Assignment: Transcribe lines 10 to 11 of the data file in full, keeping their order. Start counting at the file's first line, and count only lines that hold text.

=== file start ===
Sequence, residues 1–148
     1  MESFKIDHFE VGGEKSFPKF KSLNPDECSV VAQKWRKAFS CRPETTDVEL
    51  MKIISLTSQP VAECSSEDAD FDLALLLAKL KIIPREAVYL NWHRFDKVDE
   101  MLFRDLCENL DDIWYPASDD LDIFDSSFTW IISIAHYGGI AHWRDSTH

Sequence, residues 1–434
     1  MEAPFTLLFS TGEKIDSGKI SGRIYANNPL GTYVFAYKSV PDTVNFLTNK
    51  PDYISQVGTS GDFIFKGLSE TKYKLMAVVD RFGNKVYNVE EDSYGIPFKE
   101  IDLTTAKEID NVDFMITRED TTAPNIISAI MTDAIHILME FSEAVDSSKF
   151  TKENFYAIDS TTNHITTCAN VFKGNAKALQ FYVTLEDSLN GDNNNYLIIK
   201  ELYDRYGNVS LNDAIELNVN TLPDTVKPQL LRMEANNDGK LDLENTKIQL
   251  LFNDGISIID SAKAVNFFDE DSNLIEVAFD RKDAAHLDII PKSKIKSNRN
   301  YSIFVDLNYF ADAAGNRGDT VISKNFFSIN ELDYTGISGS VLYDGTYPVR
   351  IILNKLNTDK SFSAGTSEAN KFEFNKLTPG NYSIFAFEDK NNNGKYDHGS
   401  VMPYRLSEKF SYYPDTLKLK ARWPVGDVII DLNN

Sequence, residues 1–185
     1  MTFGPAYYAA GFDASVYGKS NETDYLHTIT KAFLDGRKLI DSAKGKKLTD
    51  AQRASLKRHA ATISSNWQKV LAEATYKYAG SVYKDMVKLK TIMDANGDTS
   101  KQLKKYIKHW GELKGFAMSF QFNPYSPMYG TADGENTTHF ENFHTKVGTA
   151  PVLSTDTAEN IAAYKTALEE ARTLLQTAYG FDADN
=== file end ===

   201  ELYDRYGNVS LNDAIELNVN TLPDTVKPQL LRMEANNDGK LDLENTKIQL
   251  LFNDGISIID SAKAVNFFDE DSNLIEVAFD RKDAAHLDII PKSKIKSNRN